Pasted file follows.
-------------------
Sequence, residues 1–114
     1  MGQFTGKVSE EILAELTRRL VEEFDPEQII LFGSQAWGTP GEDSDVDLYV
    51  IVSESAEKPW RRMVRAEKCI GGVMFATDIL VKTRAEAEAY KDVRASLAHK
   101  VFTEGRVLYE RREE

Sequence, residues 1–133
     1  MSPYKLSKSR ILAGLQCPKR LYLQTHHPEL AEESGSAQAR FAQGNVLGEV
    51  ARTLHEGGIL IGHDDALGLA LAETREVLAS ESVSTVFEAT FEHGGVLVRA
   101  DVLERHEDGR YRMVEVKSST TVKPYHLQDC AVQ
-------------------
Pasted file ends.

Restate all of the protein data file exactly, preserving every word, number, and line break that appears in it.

Sequence, residues 1–114
     1  MGQFTGKVSE EILAELTRRL VEEFDPEQII LFGSQAWGTP GEDSDVDLYV
    51  IVSESAEKPW RRMVRAEKCI GGVMFATDIL VKTRAEAEAY KDVRASLAHK
   101  VFTEGRVLYE RREE

Sequence, residues 1–133
     1  MSPYKLSKSR ILAGLQCPKR LYLQTHHPEL AEESGSAQAR FAQGNVLGEV
    51  ARTLHEGGIL IGHDDALGLA LAETREVLAS ESVSTVFEAT FEHGGVLVRA
   101  DVLERHEDGR YRMVEVKSST TVKPYHLQDC AVQ